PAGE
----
Christopher Ash, who has served as a pastor and ministry administrator, believes there is a sustainable path for believers that “combines passionate zeal for Jesus with plodding faithfully on year after year” (14). Ash is not unsympathetic or unfamiliar with burnout, and throughout the book he shares his own personal experience as well as the stories of several other faithful believers who “hit the wall” in their ministries. More than that, however, he goes to the Bible to share a neglected truth as well as several keys to avoiding burnout while continuing to live a life of sacrificial service.

The foundational truth for avoiding burnout that we too often neglect as followers of Christ is that we are embodied creatures. God made us out of dust (Gen 2:7), and one day he will turn us back into dust (Ps 90:3). Even in Christ, indwelt by the Holy Spirit, the body is still dead because of sin (Rom 8:10). We must be diligent not to separate our spiritual lives from what is happening to our bodies. Even when healthy, we are no more than a few particles of dust into which God has breathed the breath of life.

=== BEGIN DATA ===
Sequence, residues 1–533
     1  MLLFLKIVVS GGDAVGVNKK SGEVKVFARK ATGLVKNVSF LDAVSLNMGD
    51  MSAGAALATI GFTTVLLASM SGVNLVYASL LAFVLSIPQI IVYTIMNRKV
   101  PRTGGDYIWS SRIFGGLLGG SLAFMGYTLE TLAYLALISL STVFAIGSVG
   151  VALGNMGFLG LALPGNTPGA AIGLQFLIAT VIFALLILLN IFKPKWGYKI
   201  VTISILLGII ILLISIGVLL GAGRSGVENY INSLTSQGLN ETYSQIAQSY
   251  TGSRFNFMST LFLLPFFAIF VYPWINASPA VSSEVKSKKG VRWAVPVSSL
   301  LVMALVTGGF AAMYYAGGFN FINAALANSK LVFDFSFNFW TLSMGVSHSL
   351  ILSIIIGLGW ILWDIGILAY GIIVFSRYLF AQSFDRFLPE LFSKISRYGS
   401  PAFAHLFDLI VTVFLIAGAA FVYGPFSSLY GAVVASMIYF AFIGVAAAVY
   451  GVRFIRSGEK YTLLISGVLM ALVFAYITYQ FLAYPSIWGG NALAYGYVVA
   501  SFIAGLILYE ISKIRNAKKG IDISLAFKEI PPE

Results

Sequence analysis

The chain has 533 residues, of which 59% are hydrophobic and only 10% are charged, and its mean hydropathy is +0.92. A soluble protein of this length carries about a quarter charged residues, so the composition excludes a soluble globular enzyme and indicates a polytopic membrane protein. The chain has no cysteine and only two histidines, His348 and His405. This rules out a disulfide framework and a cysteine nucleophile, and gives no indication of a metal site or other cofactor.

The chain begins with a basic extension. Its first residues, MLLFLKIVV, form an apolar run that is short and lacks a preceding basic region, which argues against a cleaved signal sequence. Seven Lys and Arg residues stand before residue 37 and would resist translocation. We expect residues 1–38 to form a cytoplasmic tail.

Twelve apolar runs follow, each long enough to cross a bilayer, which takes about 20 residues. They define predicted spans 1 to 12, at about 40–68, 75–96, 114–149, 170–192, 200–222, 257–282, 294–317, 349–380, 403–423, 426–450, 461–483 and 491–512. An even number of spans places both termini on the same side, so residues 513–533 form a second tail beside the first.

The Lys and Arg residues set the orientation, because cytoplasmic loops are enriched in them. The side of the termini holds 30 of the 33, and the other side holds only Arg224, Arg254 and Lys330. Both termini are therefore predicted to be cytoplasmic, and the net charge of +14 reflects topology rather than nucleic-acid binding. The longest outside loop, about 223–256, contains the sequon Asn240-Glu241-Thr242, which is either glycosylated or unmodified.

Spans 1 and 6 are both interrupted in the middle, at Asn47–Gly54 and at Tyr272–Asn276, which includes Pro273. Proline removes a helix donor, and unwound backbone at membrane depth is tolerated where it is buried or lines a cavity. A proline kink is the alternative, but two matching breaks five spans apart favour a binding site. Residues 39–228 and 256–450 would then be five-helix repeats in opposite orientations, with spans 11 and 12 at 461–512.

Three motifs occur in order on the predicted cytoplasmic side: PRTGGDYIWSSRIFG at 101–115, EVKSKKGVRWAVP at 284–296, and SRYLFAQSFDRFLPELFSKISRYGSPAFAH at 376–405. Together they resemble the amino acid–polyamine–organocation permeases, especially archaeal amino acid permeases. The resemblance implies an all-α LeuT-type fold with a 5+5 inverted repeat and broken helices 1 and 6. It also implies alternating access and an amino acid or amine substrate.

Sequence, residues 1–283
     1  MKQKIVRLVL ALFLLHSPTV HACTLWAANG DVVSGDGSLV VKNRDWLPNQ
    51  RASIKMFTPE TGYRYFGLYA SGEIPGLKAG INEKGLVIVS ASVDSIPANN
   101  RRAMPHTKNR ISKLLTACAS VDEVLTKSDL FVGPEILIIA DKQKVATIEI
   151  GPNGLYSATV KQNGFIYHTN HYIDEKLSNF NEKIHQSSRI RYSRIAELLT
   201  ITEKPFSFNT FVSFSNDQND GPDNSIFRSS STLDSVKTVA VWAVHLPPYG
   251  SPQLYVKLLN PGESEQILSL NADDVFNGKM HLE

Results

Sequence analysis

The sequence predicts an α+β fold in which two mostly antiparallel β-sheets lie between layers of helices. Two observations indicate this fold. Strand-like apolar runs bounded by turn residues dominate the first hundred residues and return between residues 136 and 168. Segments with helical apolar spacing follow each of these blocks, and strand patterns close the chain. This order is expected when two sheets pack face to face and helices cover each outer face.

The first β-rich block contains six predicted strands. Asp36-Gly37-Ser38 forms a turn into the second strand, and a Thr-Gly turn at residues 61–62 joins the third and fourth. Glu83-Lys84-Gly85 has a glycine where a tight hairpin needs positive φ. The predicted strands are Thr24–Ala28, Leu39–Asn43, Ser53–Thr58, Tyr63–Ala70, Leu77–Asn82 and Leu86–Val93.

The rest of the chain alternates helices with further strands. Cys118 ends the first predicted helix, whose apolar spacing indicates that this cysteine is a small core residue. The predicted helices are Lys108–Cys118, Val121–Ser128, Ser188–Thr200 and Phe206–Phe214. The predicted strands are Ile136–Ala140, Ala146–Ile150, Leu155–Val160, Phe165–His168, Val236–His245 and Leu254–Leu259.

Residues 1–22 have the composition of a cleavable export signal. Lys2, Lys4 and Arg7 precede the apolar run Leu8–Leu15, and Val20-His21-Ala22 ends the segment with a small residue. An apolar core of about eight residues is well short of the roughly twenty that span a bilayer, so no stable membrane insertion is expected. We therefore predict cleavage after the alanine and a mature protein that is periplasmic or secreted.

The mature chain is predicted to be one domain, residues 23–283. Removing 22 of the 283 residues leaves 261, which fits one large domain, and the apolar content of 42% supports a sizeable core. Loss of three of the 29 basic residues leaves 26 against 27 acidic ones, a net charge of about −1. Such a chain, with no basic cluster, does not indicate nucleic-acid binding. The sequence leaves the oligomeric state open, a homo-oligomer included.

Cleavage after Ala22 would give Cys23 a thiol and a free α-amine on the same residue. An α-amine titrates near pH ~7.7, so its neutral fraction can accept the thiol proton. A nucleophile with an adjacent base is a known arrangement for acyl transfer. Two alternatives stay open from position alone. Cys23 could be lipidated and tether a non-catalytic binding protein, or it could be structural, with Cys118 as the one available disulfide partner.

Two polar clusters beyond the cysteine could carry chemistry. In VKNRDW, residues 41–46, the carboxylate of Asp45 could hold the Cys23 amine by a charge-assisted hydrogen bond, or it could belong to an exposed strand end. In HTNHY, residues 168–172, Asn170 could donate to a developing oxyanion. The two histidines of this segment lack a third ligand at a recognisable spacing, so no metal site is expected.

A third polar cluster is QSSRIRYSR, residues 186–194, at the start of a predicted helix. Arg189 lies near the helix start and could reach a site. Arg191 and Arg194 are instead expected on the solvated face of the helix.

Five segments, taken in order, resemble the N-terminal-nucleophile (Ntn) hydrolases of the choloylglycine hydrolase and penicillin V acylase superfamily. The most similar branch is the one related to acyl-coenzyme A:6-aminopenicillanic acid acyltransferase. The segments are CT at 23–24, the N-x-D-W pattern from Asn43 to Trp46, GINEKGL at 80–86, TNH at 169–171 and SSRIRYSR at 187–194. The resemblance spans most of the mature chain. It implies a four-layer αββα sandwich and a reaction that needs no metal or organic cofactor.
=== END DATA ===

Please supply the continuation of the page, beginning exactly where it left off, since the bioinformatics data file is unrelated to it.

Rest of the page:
This truth has several implications. Ash explores four of these: we need sleep, we need Sabbaths (or days off from work), we need friends, and we need inward renewal. God needs none of these things. We must intentionally make time for sufficient sleep, regular days off, relationships, and the hobbies and habits that renew us emotionally, mentally, and spiritually. These things do not keep us from ministry (and should never replace ministry), but are necessary for sustainable ministry.

Ash closes with a warning, an encouragement, and a delight. We must beware ministering for celebrity or notoriety, remember that serving God is always worth it, and delight above all in God’s grace in Christ and not our gifts. A chapter on burnout from a medical perspective, written by a doctor, concludes the book. No matter where we are in our walk with God, serving faithfully or struggling to serve at all, we need to “take heed, lest we fall” (1 Cor 10:12). Burnout is a possibility, but God’s grace can and does sustain us, even for a lifetime, when we depend on him and not our own strength.

Gary L. Shultz Jr. (Ph.D. The Southern Baptist Theological Seminary) is Senior Pastor of First Baptist Church in Fulton, MO. He also serves as Assistant Professor of Religion at Liberty University and Adjunct Professor of Theology and Church History at Baptist Bible Theological Seminary. He writes a monthly book review column for The Pathway and is the author of A Multi-Intentioned View of the Extent of the Atonement (Wipf & Stock).